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Assessing Regional Cortical Thickness for Predicting MCI Conversion to AD

Joel Schaerer, Mehul Sampat, Florent Roche, Joonmi Oh, Luc Bracoud, Joyce Suhy and the Alzheimer's Disease Neuroimaging Initiative

Bioclinica, Newark, CA, USA and Lyon, France

 

BACKGROUND

Brain cortical thickness is gaining popularity as an endpoint in AD clinical trials. While a global approach provides valuable insights, a regional analysis may be more sensitive. The aim of this work is to determine if a regional approach is preferable and potentially which aggregation of regions is the most sensitive for prediction of conversion to AD.

METHODS

Cortical thickness measurements were performed on the Baseline 3DT1-weighted sequences of 232 MCI subjects (116 who did not convert to AD within 36 months, 116 who did) from the ADNI-1 database (http://adni.loni.ucla.edu).


Image processing
FreeSurfer v5.3 (http://surfer.nmr.mgh.harvard.edu/) [1, 2] was used for the determination of the white/gray boundary (in blue below), pial/CSF boundary (in green below) and subcortical parcellation (see Fig. 1). Cortical thickness was assessed by solving Laplace’s equation [3], building the set of paths between the inner and outer cortical surfaces and deriving the average thickness from them, for each subcortical region provided by FreeSurfer, as well as overall.

Statistical analysis
Performance of the region(s) of interest in discriminating between converters and non-converters was tested via ROC analyses using the Area Under the ROC Curve (AUC).

The Lasso method [4] was used in order to optimally combine regions. This consists in optimally weighting each region in order to best predict conversion to AD using a composite cortical thickness score. The function to minimize consists of a data term reflecting prediction accuracy which aims at rewarding good predictivity, and a model term which aims at controlling for the number of regions used and potentially penalizing models with too many regions. This model term is controlled by a regularization coefficient λ. A leave-one-out strategy was used in order to estimate the optimal λ value.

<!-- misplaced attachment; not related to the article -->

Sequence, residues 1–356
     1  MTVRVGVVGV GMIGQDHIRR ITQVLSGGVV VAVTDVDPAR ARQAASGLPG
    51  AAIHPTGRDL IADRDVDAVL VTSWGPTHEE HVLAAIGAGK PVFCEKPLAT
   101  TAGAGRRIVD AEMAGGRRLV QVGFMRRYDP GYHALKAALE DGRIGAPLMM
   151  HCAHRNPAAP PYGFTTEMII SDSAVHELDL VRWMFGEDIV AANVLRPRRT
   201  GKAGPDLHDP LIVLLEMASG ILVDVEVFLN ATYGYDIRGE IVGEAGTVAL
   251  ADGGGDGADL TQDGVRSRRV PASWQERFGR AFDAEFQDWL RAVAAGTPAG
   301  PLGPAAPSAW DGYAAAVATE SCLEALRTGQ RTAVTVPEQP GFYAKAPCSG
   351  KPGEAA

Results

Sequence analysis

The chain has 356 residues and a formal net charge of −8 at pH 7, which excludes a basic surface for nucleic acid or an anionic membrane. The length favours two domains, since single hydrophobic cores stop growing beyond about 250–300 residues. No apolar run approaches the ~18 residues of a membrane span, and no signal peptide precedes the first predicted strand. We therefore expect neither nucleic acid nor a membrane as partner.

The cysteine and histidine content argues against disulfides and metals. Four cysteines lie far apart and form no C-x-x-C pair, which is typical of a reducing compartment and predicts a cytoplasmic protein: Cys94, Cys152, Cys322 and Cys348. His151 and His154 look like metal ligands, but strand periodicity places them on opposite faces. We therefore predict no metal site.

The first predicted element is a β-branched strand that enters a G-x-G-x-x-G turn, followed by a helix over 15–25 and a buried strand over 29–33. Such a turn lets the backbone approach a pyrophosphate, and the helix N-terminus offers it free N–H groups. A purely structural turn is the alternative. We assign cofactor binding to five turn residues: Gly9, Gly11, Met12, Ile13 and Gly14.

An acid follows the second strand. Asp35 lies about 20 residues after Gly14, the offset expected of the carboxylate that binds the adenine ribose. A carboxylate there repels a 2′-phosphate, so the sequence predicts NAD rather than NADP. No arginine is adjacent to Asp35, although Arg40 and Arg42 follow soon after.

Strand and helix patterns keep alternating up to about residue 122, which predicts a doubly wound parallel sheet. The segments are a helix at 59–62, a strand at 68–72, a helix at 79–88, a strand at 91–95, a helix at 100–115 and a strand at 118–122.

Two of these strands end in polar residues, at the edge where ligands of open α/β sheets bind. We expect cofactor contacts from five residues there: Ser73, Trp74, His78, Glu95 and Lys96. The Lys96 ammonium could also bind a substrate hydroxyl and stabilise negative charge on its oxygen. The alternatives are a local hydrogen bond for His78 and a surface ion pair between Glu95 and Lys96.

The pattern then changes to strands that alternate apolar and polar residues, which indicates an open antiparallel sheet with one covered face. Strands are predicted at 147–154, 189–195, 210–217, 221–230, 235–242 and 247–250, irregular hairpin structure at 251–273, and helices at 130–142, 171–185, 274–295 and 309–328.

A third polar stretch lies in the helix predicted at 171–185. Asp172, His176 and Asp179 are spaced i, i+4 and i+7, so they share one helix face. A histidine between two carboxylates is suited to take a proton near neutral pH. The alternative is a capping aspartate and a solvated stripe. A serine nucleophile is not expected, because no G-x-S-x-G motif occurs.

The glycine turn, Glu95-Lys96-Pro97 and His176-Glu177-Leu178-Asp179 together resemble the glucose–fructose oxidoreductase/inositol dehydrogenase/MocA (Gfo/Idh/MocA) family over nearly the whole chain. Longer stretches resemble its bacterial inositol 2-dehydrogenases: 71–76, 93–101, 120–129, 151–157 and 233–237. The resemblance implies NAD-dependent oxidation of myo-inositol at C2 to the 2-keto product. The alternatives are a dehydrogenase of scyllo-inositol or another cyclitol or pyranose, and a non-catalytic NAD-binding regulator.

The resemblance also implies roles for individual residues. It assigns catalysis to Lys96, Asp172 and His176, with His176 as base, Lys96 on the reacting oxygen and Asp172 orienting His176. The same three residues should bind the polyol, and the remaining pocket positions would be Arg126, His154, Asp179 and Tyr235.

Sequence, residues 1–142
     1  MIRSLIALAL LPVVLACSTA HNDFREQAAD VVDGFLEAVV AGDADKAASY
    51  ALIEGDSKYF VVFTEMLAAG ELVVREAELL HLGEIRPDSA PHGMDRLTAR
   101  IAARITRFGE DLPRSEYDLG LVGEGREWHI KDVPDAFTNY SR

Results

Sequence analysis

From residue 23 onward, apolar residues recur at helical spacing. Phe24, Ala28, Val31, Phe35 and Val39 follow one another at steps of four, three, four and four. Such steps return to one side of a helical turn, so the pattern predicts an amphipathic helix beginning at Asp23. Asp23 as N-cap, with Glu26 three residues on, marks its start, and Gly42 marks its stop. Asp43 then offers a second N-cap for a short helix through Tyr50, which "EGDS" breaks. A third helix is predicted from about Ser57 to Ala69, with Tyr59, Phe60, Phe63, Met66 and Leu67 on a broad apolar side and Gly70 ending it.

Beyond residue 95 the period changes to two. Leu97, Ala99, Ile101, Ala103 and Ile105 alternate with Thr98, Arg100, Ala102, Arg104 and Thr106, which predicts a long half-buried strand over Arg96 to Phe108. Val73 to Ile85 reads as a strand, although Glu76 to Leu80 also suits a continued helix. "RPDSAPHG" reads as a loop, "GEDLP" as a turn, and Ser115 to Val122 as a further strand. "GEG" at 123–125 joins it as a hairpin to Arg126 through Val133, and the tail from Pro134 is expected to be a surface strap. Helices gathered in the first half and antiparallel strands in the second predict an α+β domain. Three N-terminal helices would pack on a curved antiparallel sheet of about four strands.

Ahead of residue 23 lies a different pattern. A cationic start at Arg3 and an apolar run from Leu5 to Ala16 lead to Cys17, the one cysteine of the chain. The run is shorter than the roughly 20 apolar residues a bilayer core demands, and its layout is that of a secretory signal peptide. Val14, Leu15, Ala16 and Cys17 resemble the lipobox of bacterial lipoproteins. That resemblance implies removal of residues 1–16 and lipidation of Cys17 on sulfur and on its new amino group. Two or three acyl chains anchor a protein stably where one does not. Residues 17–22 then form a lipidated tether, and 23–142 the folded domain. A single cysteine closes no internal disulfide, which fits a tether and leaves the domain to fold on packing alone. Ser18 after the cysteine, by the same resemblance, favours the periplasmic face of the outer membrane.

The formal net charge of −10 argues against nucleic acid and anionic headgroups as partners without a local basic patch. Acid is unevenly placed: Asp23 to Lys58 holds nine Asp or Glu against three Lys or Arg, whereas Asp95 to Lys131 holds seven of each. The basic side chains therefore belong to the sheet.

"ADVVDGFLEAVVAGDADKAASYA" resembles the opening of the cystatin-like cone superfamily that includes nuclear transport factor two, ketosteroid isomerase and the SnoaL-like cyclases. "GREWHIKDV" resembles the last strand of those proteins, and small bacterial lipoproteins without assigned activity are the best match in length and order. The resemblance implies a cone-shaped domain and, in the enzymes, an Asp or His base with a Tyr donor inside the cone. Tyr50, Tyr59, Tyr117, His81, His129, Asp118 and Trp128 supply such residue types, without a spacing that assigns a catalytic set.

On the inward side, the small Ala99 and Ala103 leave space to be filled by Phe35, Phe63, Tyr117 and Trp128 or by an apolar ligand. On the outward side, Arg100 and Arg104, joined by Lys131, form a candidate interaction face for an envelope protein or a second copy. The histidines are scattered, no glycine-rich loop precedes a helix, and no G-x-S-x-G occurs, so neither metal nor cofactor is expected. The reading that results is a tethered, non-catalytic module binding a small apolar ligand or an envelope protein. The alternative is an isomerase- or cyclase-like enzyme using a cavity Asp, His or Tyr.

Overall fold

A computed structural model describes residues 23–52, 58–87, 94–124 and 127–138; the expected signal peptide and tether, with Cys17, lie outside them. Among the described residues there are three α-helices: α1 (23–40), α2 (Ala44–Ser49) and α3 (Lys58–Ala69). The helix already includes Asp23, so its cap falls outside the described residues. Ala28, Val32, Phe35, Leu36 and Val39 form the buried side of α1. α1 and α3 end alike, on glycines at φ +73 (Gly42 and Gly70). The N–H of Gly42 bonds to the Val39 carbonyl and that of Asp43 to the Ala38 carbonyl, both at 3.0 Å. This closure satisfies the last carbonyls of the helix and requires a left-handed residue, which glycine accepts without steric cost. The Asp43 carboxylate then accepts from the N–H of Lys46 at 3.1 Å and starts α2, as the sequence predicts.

Using this optimal λ, the model was fitted over the whole database for determination of the corresponding list of regions and coefficients, thus defining an optimal model.

A threefold cross-validation strategy run 100 times with the corresponding λ was used in order to estimate the AUC for this model.

RESULTS

First looking at the average cortical thickness over the whole cortex, analyses of ROC curves yielded an AUC of 0.664 to distinguish between MCI converters and non-converters.
Moving to a more regional analysis, we then looked at each region individually. Of the available regions from the FreeSurfer atlas, the Right Inferior Temporal was the most sensitive (AUC = 0.698). Results for the next best other individual regions are shown in Table 1.

In order to look for the most optimal combination of regions for the prediction of conversion, the Lasso method determined an optimal λ value (see Figure 2). When applied to the whole database, this led to a composite region made of 15 subregions (see Table 2).

Cross-validation estimated the AUC for this model at 0.700, which was only marginally higher in sensitivity than the best individual region.

CONCLUSION

While a regional analysis of cortical thickness best predicts conversion to AD, compared to whole cortex analysis, looking for an optimal aggregation did not provide significantly better results. Nevertheless, such approach may be more robust to image quality issues, which is to be further confirmed on other datasets.
This methodology could be used for other applications, such as discriminating different patient subgroups using other endpoints. In particular, a similar analysis will be performed on longitudinal data in order to determine which single or composite region would provide the best effect size when measuring change in cortical thickness over time.

 

REFERENCES

[1] Fischl et al., Whole Brain Segmentation: Automated Labeling of Neuroanatomical Structures in the Human Brain, Neuron 2002

[2] Fischl et al., Automatically Parcellating the Human Cerebral Cortex, Cerebral Cortex 2004

[3] Jones et al., Three-Dimensional Mapping of Cortical Thickness Using Laplaces Equation, Human Brain Mapping 2000.

[4] Tibshirani et al., Regression Shrinkage and Selection via the Lasso, J. Royal. Statist. Soc B. 1996

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